When the Maryland men's basketball team traveled to No. 1 Michigan State on Thursday, it suffered an unsurprising 30-point deconstruction at the hands of the Spartans that signified coach Mark Turgeon's worst loss with the program.

But while Maryland's triumph over Iowa on Sunday was also an expected outcome, the 91-73 win featured more drama and fireworks, the result of a game that was competitive deep into the second half but still offered the Terps consolation after their thrashing in East Lansing.

"It was a tough loss, but we were able to bounce back tonight," forward Bruno Fernando said. "It feels good to get back on the winning track, so we're just going to try to keep going."

When Iowa coach Fran McCaffery stormed onto the court yelling at the referees with less than a minute left before halftime, earning a pair of technicals and an ejection, it seemed to be a season's worth of frustration boiling over for the eighth-year head coach.

The Hawkeyes (9-9, 0-5 Big Ten) entered their matchup with Maryland winless in the Big Ten and owners of the conference's worst defense. But when guard Anthony Cowan's defense forced the Hawkeyes into a turnover at midcourt, leading to McCaffery's ejection, Maryland (14-4, 3-2) held just a three-point lead.

"I didn't think we played with the energy we needed to play with [early]," Turgeon said.

Iowa raced out to an 18-9 advantage, opening the game 6-for-9 from the field and 3-for-4 from 3-point range. Guard Dion Wiley revived the Terps with a quick eight points, and center Michal Cekovsky followed that with seven consecutive points to cap a 12-0 run that put the Terps up 27-24.

The Terps led by six after Cowan (15 points) made three of the four free throws gifted to him by McCaffery's ejection, but Iowa regained a four-point lead less than four minutes into the second half.

A Cowan jumper and a 3-pointer from guard Kevin Huerter stopped the Hawkeyes' 8-0 run, and after some further back-and-forth action Maryland put the game away for good.

"Credit Maryland for that," McCaffery said. "A couple of times that we got up, they kept coming."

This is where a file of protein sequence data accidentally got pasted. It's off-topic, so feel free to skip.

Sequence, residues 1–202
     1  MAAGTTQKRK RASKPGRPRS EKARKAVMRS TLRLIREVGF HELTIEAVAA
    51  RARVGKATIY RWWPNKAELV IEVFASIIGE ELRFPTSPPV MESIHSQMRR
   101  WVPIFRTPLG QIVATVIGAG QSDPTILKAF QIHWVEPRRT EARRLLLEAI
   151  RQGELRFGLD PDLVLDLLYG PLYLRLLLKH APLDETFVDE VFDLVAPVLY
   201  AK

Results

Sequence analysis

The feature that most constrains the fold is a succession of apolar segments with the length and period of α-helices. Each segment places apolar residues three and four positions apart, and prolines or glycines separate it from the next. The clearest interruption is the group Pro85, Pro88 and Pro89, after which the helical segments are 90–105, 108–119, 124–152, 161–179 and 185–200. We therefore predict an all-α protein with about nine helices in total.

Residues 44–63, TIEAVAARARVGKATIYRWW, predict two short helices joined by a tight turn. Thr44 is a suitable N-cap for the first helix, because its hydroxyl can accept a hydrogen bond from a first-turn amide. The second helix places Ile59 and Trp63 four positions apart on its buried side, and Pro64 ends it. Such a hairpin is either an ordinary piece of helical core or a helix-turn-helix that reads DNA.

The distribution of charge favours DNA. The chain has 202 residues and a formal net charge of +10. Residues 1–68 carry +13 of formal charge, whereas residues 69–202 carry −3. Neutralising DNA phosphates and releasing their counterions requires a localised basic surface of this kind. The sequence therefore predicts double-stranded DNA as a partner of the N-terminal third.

Maryland went on a 19-2 run to take an 80-66 lead with about five minutes left. The Terps pounded the ball inside, taking advantage of Iowa's soft interior defense and outscoring the Hawkeyes 56-22 in the paint. Meanwhile, Iowa shot just 42.9 percent in the second half.

"Our defense, as the game wore on," Turgeon said, "just got better and better."

After Iowa forward Tyler Cook was called for an offensive foul late in that stretch, Fernando stood over him, leading to a scuffle that earned both players technical fouls and drew Turgeon's ire. Fernando was nearly flawless outside of that, though, scoring 21 points on 8-for-11 shooting and collecting seven rebounds while accumulating just two fouls.

It was a promising bounceback for the freshman, whose early fouls against Michigan State played a role in the Terps' demise.

Earlier Sunday, Michigan State lost 80-64 at Ohio State, by far the Spartans' worst performance of the season. To some, that could be viewed as a sobering indicator of Maryland's relative strength in the Big Ten. The Terps, however, chose to view it — along with their uneven win — as a promising sign of their chances to compete in the conference and reach a fourth consecutive NCAA tournament.

"We knew we had another game today, we knew we had to get this one," guard Darryl Morsell said. "Anybody could beat anybody on any given night. We know we have to bring it every single night to have success."